s-word on ABCs notorious cop drama NYPD Blue; and the
increasing frequency of clearly decipherable, though bleeped, uses
of once verboten profanity such as the multiple uses of the
f-word on the American Music Awards (ABC).
Rutenberg said that, following each of those programs, [t]he
telephones hardly rang at the Federal Communications Commission
. He added, Though the changing standards of prime
time have evolved gradually, the pace has accelerated in recent
years. But the falloff in protests over those changes has been sudden.
Some see TV content as merely reflecting the culture, Rutenberg
said, so if peoples personal moral standards have become more
lax, then they are less likely to be offended when the networks
express similar beliefs through their programming.
Source: The New York Times, 1/25/03
Media show bias on evolution
Ken Ham, president of Answers in Genesis, a Christian apologetics
ministry, said the mainstream media is biased against presenting
anything that supports the creationist viewpoint of the origins
of life. Yet the scientists and activities that support the theory
of evolution are readily featured in the news.
He gave a typical example: When a meteorite from Mars was believed
to contain some form of life, the news resounded around the world.
But when it was agreed, even by secular scientists, that no life
existed in the rock, the secular media were scarcely to be found.
It has even become necessary for those embracing the creationist
philosophy to produce their own scientific journals, said Ham, because
no matter how scientific our scientists are, if they come
from a creationist perspective, [the evolutionists] wont publish
And then they turn around and tell the public [it] cant
trust creationists because they dont publish reputable papers
in scientific journals, he added.
Public radio station ousts God
Though its slogan touts diverse programming for a multi-cultural
world, National Public Radio affiliate KSUT in Ignacio, Colorado,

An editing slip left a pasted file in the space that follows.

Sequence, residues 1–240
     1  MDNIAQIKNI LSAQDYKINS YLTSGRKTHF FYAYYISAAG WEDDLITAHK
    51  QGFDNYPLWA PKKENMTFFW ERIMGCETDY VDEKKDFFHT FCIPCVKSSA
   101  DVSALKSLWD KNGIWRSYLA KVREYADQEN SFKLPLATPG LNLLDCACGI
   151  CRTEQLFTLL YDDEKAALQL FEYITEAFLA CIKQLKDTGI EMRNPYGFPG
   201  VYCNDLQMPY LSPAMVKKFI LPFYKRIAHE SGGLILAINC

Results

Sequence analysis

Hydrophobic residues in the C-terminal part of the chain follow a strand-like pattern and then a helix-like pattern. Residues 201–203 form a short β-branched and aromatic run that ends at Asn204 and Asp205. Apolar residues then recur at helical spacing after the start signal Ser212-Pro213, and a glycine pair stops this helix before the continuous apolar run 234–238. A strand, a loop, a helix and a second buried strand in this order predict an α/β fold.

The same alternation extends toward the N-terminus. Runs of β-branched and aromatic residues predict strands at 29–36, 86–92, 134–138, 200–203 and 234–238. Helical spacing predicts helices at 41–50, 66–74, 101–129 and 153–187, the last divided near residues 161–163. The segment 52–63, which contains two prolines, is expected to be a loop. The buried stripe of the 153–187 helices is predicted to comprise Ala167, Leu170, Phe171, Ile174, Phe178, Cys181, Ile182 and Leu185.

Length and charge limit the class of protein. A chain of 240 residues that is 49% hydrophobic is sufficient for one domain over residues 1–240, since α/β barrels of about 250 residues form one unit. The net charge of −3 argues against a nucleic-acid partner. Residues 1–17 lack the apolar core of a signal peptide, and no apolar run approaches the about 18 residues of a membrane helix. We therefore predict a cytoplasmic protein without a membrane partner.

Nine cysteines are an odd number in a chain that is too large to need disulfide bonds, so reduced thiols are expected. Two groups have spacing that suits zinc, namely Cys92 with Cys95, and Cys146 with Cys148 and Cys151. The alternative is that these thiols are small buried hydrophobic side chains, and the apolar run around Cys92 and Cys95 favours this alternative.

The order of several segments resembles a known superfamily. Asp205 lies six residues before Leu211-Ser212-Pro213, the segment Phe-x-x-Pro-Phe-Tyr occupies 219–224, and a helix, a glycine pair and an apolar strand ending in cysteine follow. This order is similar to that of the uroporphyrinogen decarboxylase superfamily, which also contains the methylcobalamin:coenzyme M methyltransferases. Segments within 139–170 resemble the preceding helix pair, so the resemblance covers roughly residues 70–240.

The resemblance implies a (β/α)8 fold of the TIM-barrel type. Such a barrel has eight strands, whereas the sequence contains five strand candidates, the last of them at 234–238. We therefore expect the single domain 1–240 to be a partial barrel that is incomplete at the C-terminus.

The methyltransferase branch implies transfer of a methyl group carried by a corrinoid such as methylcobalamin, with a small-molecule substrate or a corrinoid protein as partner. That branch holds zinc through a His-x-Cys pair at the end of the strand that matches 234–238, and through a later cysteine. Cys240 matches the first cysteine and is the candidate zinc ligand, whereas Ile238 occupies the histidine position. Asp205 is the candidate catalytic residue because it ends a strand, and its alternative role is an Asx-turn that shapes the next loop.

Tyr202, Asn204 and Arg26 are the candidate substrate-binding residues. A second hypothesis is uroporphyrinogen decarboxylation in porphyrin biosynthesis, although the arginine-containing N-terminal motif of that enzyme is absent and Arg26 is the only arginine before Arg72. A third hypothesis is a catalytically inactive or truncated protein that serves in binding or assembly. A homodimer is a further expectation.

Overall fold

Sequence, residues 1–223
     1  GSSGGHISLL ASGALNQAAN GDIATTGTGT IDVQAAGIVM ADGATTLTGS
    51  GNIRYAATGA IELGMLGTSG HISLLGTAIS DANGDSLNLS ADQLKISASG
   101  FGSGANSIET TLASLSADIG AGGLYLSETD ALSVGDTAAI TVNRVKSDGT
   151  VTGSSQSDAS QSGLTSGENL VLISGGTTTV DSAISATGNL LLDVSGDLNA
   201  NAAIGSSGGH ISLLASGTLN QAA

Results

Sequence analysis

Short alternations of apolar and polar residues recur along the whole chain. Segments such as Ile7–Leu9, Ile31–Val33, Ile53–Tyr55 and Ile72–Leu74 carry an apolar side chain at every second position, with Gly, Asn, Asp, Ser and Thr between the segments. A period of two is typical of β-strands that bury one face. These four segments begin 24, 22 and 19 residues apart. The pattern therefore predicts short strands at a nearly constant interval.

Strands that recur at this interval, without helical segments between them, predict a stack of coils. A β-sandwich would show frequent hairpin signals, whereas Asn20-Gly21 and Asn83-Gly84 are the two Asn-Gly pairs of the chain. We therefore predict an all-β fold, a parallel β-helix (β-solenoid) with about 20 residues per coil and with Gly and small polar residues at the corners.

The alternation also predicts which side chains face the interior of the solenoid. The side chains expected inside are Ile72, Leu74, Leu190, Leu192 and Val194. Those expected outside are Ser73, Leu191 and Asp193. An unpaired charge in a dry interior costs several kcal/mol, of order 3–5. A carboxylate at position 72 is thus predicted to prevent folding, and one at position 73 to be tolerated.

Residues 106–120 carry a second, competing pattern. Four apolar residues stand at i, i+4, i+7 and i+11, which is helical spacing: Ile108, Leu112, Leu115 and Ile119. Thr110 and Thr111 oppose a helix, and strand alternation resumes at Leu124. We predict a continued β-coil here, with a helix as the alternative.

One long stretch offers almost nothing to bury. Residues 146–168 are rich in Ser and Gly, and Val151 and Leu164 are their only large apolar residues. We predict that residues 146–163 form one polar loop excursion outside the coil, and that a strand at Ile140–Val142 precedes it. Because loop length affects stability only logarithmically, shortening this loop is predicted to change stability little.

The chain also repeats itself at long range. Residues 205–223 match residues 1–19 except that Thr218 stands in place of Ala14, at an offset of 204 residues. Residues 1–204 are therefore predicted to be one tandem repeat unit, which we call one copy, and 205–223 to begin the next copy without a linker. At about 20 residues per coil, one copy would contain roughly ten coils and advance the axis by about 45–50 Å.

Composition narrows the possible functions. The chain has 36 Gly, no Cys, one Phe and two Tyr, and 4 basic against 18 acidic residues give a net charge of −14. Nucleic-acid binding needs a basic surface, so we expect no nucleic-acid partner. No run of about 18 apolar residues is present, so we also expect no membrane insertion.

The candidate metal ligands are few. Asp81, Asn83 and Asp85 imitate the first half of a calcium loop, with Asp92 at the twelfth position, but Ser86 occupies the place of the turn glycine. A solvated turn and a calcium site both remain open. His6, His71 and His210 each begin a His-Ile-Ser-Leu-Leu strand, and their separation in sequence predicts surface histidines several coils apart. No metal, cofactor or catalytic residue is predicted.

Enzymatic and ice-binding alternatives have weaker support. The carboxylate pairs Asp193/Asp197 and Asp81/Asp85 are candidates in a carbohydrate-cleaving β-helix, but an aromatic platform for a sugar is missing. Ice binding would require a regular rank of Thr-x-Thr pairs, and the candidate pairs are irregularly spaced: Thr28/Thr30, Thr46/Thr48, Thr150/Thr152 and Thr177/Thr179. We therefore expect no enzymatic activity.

apparently doesnt live up to that claim.
The Durango Herald (Colorado) reported that Glenn Rutherford, a
Pagosa Springs dentist, was told by KSUT officials that they were
discontinuing the broadcast of a radio spot promoting his practice
because it contained the word God.
Gently Restoring the Health God Created is the motto
for Rutherfords practice. The dentist, a devout Christian,
said he uses the slogan in other print and electronic media sources
without problems. Ironically, he noted that one reason he chose
KSUT to promote his practice was to share in the free interchange
of ideas which we believed was the mission of public radio.
AFA Chairman Don Wildmon said this is a typical example of National
Public Radios bias against Christianity. He said since public
radio stations like KSUT are supported by tax dollars, they, in
essence, engage in a form of government-sponsored censorship.
2/7/03; AgapePress, 2/18/03
enters cable pornography business
Troubled cable television company Adelphia has changed its course
from a family-friendly company, opting instead to begin distribution
of adult programming.
The move is primarily about money. In a December 2002, internal
memo obtained by AFA, CEO Erkie Kailbourne says the motive behind
offering adult sex pay-per-view programming is based on enhancing
stakeholder value. Kailbourne told managers and vice-presidents
that Playboy TV and other pay-per-view movie channels would become
part of the companys programming offerings beginning in early
Last year, Adelphia was the largest cable company in America that
refused to offer pornography. Adelphia executives have abandoned
a moral obligation to our families and theirs, said AFA Chairman
Don Wildmon. He said Adelphias decision is an indication of
how corporate executives have placed their personal careers ahead
of their wives and children, and he wonders how many other families
will be affected by the results of Adelphias porn distribution.
Pornography has two primary effects, Wildmon said. It
inherently teaches boys and men to devalue and disrespect a woman
as a person, and it causes married men to lust after someone who
is not their wife.
Citizens concerned about Adelphias decision can voice their